Archive for January 2008

Signal Processing and Bootstrap

Astronomers have developed their ways of processing signals almost independent to but sometimes collaboratively with engineers, although the fundamental of signal processing is same: extracting information. Doubtlessly, these two parallel roads of astronomers’ and engineers’ have been pointing opposite directions: one toward the sky and the other to the earth. Nevertheless, without an intensive argument, we could say that somewhat statistics has played the medium of signal processing for both scientists and engineers. This particular issue of IEEE signal processing magazine may shed lights for astronomers interested in signal processing and statistics outside the astronomical society.

IEEE Signal Processing Magazine Jul. 2007 Vol 24 Issue 4: Bootstrap methods in signal processing

This link will show the table of contents and provide links to articles; however, the access to papers requires IEEE Xplore subscription via libraries or individual IEEE memberships). Here, I’d like to attempt to introduce some articles and tutorials.
Continue reading ‘Signal Processing and Bootstrap’ »

Books – a boring title

I have been observing some sorts of misconception about statistics and statistical nomenclature evolution in astronomy, which I believe, are attributed to the lack of references in the astronomical society. There are some textbooks designed for junior/senior science and engineering students, which are likely unknown to astronomers. Example-wise, these books are not suitable, to my knowledge. Although I never expect astronomers to learn standard graduate (mathematical) statistics textbooks, I do wish astronomers go beyond Numerical Recipes (W. H. Press, S. A. Teukolsky, W. T. Vetterling, & B. P. Flannery) and Error Data Reduction and Analysis for the Physical Sciences (P. R. Bevington & D. K. Robinson). Here are some good ones written by astronomers, engineers, and statisticians: Continue reading ‘Books – a boring title’ »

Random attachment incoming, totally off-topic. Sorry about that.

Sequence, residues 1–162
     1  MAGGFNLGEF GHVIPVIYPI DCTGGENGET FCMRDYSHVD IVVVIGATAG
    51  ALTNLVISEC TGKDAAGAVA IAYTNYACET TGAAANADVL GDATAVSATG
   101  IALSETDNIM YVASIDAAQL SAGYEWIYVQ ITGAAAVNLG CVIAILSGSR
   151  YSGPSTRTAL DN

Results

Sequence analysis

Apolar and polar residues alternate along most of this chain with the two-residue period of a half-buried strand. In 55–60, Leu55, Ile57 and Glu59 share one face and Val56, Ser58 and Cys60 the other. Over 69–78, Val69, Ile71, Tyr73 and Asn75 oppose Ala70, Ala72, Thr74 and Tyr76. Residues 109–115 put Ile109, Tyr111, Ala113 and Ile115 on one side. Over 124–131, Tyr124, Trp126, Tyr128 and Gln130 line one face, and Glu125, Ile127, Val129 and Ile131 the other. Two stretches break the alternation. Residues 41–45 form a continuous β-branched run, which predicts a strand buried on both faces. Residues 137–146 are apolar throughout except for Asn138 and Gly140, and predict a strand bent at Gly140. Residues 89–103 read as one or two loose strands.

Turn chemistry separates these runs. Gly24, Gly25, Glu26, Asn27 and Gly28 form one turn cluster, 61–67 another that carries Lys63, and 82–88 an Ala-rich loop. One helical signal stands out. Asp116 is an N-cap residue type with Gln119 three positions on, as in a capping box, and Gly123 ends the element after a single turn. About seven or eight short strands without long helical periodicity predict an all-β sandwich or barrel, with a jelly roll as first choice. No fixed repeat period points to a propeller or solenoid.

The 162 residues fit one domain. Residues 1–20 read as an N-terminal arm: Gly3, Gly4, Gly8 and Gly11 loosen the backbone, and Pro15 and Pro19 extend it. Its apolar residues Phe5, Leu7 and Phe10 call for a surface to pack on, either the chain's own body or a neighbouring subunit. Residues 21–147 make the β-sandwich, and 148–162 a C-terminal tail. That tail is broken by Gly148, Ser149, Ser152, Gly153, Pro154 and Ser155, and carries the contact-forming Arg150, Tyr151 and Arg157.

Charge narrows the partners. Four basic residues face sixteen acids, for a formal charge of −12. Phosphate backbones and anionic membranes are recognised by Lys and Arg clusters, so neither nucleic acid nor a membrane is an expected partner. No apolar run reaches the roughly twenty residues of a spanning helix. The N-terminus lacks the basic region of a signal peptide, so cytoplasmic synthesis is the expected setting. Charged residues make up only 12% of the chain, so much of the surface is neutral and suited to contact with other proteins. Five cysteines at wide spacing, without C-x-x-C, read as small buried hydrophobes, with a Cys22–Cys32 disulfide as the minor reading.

[ArXiv] 4th week, Jan. 2008

Only three papers this week. There were a few more with chi-square fitting and its error bars but excluded. Continue reading ‘[ArXiv] 4th week, Jan. 2008’ »

AstroStat special session at HEAD

The High Energy Astrophysics Division of the American Astronomical Society will meet at Los Angeles on March 31 – April 3, and we have been allocated a slot for an AstroStatistics session. It will be a 60-minute lunch-time session, so we anticipate that the session will be dominated by poster haikus and panel discussions similar to the workshop we held during the New Orleans meeting in 2004.

The meeting website is at: abstract submission deadline is January 25, 2008 (now past, but late abstracts are not unheard of among astronomers).